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PPT Book Review: And Here’s the Kicker: Conversations with 21 Top Humor Writers on their Craft

November 5, 2010

I just finished reading “And Here’s the Kicker: Conversations with 21 Top Humor Writers on their Craft” by Mike Sacks.

Verdict: Like Anna Nicole Smith’s boob job, a solid investment.

Here’s what I think:

I’m very glad I didn’t just borrow this book from the library, because it’s one of those tomes you crack open from time to time, both for wisdom and entertainment.

The structure is pretty standard for an interview book.  Veteran journalist Mike Sacks has a chance to shine as a writer through the biographies preceding each interview.  These one-page summaries offer a brief, but comprehensive account of each subject’s writing career.  Between interviews, there are occasionally one or two page blurbs with writing tips from various industry insiders on the finer (and more practical) points of pursuing a career in comedy writing.

I found the interview portion of the book to be excellent.  Most interesting to me were the interviews with George Meyer (The Simpsons), Robert Smeigel (TV Funhouse, Triumph the Insult Comic), and Bob Odenkirk (SNL, Mr. Show).  Sacks has obviously done his homework, and easily establishes a confident and authoritative interviewing voice.  Since he collected several hours of conversation with each of his subjects in order to cherry-pick the best material, there is a vibe of easy familiarity that can only come with time.  This comfort between interviewer and subject yielded some nice tangents, witticisms and wise-cracks.  Sack even gets burned a couple of times, and you KNOW I dig a good burn.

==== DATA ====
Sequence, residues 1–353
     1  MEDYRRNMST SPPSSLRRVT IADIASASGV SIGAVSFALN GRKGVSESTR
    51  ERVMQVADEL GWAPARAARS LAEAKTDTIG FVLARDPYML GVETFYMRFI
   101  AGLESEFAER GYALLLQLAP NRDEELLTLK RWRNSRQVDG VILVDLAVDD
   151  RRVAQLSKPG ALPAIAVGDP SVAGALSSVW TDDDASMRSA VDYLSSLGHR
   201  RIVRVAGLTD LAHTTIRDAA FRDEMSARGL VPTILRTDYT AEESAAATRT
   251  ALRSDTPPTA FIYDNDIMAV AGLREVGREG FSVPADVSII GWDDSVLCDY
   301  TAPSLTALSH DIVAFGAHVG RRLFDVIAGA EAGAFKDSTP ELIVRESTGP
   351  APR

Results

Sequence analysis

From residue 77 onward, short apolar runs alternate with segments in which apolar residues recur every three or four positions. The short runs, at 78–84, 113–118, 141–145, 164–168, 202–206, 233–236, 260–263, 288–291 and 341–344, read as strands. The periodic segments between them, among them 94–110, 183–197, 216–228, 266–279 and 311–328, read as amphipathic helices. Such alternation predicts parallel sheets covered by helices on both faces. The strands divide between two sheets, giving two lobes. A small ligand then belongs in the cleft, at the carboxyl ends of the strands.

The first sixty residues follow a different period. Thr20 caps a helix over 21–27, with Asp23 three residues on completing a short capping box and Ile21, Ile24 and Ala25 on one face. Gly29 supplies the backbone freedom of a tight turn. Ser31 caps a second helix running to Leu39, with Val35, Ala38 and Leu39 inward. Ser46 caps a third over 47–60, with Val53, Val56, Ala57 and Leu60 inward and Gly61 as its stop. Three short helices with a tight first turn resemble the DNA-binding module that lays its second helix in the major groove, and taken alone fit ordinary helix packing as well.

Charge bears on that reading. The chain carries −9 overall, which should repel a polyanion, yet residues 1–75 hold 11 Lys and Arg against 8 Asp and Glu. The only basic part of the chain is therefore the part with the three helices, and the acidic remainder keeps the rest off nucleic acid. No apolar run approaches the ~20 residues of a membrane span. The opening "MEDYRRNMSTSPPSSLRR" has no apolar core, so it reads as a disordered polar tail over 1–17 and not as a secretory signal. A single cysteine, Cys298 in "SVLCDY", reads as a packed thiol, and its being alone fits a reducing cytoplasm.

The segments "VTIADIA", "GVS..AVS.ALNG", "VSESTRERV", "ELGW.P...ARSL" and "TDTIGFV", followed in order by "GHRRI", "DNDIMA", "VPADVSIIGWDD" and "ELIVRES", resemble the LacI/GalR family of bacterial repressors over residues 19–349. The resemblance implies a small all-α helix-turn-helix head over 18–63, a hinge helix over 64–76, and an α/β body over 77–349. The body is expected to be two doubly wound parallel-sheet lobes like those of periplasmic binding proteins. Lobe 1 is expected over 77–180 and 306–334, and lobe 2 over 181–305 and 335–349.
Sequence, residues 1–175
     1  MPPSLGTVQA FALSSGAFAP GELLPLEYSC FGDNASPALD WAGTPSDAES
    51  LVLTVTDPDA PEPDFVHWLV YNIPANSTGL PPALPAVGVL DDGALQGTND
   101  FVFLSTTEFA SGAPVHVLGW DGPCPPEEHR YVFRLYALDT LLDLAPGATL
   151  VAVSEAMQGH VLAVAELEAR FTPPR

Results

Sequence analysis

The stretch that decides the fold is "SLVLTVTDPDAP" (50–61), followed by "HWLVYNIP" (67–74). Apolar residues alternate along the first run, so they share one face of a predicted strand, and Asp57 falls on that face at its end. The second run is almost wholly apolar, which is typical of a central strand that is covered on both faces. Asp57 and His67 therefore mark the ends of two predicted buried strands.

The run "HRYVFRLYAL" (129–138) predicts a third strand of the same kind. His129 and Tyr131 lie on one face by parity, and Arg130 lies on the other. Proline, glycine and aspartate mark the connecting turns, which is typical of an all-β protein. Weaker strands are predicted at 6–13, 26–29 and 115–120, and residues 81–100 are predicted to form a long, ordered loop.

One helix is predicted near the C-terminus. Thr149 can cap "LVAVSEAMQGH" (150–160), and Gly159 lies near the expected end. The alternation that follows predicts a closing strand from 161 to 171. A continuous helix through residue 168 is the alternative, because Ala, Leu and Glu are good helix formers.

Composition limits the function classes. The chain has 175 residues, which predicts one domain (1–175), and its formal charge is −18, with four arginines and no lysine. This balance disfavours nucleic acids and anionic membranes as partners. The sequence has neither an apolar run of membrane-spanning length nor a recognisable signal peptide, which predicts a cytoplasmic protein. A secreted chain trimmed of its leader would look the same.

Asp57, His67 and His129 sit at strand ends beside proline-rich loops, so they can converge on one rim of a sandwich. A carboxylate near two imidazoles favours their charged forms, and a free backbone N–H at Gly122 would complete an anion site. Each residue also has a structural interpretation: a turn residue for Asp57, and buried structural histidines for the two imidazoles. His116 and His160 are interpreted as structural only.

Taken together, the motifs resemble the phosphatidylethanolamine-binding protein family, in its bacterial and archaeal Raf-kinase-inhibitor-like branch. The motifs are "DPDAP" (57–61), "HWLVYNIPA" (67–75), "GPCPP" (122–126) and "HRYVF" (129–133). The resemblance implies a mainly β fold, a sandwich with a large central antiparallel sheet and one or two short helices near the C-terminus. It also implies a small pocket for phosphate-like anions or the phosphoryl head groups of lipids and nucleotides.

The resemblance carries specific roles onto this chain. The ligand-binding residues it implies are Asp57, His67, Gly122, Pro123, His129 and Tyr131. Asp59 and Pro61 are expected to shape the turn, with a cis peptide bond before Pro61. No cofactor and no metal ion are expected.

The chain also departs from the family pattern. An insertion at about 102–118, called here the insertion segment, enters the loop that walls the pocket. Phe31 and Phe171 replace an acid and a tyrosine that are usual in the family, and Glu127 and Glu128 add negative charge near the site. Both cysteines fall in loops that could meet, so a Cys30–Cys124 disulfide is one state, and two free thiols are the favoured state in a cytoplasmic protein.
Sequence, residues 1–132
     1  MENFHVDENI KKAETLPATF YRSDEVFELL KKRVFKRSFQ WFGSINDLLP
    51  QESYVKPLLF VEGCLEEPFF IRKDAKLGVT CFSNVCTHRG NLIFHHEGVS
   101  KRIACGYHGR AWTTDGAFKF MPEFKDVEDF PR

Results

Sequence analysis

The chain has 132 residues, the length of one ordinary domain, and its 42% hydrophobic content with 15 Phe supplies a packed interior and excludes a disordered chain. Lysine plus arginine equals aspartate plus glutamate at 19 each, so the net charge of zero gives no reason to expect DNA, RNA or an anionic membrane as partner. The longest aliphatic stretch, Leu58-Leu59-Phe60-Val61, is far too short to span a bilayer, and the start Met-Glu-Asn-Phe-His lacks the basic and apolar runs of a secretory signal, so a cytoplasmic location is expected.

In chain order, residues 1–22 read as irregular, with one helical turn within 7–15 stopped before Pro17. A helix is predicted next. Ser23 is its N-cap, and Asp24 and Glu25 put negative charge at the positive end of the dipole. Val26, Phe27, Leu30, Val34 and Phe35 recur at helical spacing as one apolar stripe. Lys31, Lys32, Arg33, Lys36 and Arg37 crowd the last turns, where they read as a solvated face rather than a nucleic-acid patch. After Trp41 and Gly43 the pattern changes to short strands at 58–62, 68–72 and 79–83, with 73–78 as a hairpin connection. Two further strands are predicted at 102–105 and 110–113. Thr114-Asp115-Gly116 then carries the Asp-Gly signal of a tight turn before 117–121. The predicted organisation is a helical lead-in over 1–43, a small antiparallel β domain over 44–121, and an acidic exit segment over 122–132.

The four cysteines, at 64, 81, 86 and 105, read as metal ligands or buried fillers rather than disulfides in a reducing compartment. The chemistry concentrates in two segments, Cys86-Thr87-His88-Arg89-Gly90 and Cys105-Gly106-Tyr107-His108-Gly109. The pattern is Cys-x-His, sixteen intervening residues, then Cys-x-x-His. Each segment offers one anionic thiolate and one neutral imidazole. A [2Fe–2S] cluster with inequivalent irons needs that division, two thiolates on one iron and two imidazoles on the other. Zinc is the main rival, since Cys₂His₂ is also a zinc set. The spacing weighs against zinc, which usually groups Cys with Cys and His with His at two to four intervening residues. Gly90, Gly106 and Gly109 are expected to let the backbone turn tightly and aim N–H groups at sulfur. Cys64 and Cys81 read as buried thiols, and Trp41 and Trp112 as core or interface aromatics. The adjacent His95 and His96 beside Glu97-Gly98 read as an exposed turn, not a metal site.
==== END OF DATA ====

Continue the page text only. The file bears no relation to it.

I found Sacks’ question to be a nice mix of coaxing tall tales from his subjects, gathering information on their early careers, and soliciting insights into the craft of writing and comedy in general.  I have read criticisms that the interviews lack a bit of thematic focus.  Those criticisms are sound, but to be honest, the drifting nature of the interviews didn’t bother me that much, and dare I say, increased my enjoyment of the book.  I never knew what question was around the corner.

I found the how-to blurbs between interviews to be a little brief, but they did offer some good, practical insight into the business of comedy writing, which nicely offset some of the more philosophical musings in the interviews.

Overall, this book struck a nice balance between factual information that is useful for an aspiring writer, and humorous anecdotes that generate enthusiasm for the art form.  I look forward to returning to this book as I gain more experience.

To see what other comics have to say on the subject, check out this thread on A Special Thing’s message board.

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2 Comments leave one →
  1. November 15, 2010 2:24 pm

    Sounds good… I’ll pick it up this week. Also, if you haven’t read Provenza’s “Satiristas” yet, definitely do. Seriously in depth interviews.

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